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1 mole of a substance = gram amt. / molecular mass(if it is compound) or atomic mass(if it is a element) of that substance
have a nice day............

one mole is the amount of substance that contain exactly as many no of particles as that are present in 12gram of carbon 12 atom

Suppose you want to carry out a reaction that requires combining one
atom of iron with one atom of sulfur. How much iron should you use?
How much sulfur? When you look around the lab, there is no device that
can count numbers of atoms. Besides, the merest speck (0.001 g) of iron
contains over a billion billion atoms. The same is true of sulfur.
Fortunately, you do have a way to relate mass and numbers of atoms.
One iron atom has a mass of 55.847 amu, and 55.847 g of iron contains
6.022 137 1023 atoms of iron. Likewise, 32.066 g of sulfur contains
6.022 137 1023 atoms of sulfur. Knowing this, you can measure out
55.847 g of iron and 32.066 g of sulfur and be pretty certain that you
have the same number of atoms of each.
The number 6.022 137 1023 is called Avogadro’s constant. For most
purposes it is rounded off to 6.022 1023. Because this is an awkward
number to write over and over again, chemists refer to it as a mole (abbreviated mol). 6.022 1023 objects is called a mole, just as you call 12
objects a dozen.
Look again at how these quantities are related.
55.847 g of iron 6.022 1023 iron atoms 1 mol of iron
32.066 g of sulfur 6.022 1023 sulfur atoms 1 mol of sulfur

a group of 6.022*10 to the power 23 ions/molecules/atoms is called a mole.
It so means that for eg. the atomic mass of oxygen is 16u. so no. of moles will be only 1 because 1 mole = atomic mass.

actually mole concept means the number of particles present in 1 mole of a substances is called as the mole concept.it is standardly take as 6.022*10to the power 23.it is also called as the avogadro constant..the value of 1 atom present on a mole is equal to this..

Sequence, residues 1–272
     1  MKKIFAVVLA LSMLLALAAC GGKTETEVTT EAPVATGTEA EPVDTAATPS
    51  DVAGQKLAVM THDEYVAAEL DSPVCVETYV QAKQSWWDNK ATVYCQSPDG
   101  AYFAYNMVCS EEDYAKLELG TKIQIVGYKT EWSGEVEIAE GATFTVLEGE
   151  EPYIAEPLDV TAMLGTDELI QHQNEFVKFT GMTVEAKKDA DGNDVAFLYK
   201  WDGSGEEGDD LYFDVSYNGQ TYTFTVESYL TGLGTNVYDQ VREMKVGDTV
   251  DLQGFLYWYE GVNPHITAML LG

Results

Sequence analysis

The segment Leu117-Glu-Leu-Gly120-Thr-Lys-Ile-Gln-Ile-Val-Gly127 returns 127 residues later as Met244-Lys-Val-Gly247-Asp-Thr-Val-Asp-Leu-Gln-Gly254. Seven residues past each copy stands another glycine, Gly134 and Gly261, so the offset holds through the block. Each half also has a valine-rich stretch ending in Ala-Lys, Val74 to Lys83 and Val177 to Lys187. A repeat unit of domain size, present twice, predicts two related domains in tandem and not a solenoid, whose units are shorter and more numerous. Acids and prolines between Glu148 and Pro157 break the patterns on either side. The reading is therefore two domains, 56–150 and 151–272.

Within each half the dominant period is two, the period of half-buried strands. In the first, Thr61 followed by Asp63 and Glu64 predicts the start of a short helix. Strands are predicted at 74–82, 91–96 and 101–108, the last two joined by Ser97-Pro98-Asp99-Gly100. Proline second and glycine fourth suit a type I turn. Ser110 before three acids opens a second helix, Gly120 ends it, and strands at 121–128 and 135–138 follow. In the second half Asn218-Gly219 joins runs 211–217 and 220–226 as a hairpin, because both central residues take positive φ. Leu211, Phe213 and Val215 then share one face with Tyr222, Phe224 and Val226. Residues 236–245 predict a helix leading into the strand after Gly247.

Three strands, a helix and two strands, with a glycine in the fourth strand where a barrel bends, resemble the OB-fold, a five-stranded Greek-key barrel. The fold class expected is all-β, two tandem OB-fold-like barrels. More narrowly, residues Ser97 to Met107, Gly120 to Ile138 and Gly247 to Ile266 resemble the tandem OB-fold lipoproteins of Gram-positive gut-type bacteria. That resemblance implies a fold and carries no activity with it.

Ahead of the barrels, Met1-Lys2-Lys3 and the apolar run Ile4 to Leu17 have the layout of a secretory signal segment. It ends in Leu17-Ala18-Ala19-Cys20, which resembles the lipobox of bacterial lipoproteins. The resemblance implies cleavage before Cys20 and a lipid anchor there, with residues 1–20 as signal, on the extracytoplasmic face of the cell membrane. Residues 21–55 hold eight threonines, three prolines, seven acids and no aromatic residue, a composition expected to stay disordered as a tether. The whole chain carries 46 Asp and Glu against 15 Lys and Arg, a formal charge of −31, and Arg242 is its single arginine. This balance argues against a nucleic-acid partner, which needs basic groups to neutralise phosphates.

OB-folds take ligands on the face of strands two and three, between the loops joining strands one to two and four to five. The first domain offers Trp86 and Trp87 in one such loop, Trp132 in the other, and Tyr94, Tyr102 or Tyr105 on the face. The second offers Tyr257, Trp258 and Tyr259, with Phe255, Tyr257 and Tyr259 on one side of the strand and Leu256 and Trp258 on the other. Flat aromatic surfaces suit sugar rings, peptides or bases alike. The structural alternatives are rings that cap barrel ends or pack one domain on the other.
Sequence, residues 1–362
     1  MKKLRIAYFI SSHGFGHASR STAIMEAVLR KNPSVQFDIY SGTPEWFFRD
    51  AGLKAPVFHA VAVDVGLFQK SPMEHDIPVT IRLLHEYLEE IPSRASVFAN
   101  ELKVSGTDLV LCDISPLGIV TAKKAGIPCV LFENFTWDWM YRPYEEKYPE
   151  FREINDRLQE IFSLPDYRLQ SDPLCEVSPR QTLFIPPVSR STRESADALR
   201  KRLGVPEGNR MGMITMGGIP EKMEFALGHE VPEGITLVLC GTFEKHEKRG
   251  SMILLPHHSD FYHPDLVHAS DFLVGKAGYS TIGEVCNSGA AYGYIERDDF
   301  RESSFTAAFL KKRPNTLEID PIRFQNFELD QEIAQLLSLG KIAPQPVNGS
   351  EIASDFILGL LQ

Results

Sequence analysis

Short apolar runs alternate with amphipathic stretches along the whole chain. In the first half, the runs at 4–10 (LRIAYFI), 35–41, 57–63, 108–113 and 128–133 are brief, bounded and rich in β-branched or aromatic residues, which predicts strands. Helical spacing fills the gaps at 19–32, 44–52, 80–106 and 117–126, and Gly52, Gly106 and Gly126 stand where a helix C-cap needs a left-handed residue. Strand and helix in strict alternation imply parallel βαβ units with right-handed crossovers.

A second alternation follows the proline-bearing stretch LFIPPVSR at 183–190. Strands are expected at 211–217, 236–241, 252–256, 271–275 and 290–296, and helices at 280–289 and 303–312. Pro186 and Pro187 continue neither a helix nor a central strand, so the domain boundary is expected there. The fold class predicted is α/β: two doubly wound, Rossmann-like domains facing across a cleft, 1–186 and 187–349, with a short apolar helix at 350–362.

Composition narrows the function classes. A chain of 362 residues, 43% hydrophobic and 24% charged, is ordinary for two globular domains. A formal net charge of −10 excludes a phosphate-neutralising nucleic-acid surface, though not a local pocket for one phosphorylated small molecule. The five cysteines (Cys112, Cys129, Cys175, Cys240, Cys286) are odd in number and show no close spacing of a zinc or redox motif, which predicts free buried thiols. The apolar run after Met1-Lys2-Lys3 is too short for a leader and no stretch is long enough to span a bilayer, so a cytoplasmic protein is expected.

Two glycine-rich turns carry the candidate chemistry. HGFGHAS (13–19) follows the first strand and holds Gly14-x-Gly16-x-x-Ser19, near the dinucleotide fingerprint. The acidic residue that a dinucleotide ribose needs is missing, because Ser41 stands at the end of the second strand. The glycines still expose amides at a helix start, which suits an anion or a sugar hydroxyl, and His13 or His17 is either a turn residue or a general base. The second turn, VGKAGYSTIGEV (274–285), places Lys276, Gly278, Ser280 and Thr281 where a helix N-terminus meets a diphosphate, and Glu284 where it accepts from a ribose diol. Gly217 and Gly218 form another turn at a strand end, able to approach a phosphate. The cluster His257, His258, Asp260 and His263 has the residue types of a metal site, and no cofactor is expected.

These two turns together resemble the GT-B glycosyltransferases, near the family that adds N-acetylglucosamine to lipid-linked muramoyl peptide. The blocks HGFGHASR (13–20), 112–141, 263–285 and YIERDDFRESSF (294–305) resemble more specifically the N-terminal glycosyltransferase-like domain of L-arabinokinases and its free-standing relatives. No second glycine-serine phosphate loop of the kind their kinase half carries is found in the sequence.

mole concept is the study of all those concepts which involve stoichiometric calculations.

* MOLE CONCEPT *
(Avogadro's Number)
Molecules and atoms are extremely small objects - both in size and mass. Consequently, working with them in the laboratory requires a large collection of them. How large does this collection need to be? A standard needs to be introduced. This standard is the "mole". The mole is based upon the carbon-12 isotope. We ask the following question: How many carbon-12 atoms are needed to have a mass of exactly 12 g. That number is NA - Avogadro's number. Thus, NA is defined by :
-> NA x (mass of carbon-12 atom) = 12 g
Careful measurements yield a value for NA = 6.0221367x10^+23. This is an incredibly large number - almost a trillion trillion. For example, if we stack NA pennies on top of one another how tall would the stack be? The answer is it would be so tall that the stack of pennies could reach the sun and back almost 500 million times!
A convenient name is given when there is an Avogadro's number of objects - it is called a "mole". Thus in the above example there was a mole of pennies.
1 mole = NA objects
The mole concept is no more complicated than the more familiar concept of a dozen : 1 dozen = 12 objects. From the penny example above one might suspect that the mass of a mole of objects is huge. Well, that is true if we're considering a mole of pennies, however a mole of atoms or molecules is a different story. Recall that the atomic mass unit (amu) is defined as 1/12 the mass of a carbon-12 atom. Consequently we have the relation
NA x 12 amu = 12 g
Thus, a mole of carbon-12 atoms has a mass of just 12 g. What about other atoms? In the periodic table the atomic mass of the elements is given. For example the atomic mass of magnesium is 24.305 amu. This is the average isotopic mass of naturally occurring magnesium. What is the molar mass of magnesium in grams? From the equation above we get 1 amu = 1g/NA or 1 amu = 1.66054x10^-24 g. Thus, a mole of magnesium atoms has a mass of NA x 24.305 amu x (1.66054x10^-24 g/amu) = 24.305 g. A mole of magnesium atoms has a mass of 24.305 g. This example demonstrates that the atomic mass of magnesium can be interpreted in one of two ways: (1) the average mass of a single magnesium atom is 24.305 amu or (2) the average mass of a mole of magnesium atoms is 24.305 g;
A similar conclusion follows for all of the other elements.

the mole is defined as the amount of a substance containing as many atoms, molecules,ions,electrons or other elementary entityies as there are carbon atoms in exactly 12 gram of C12.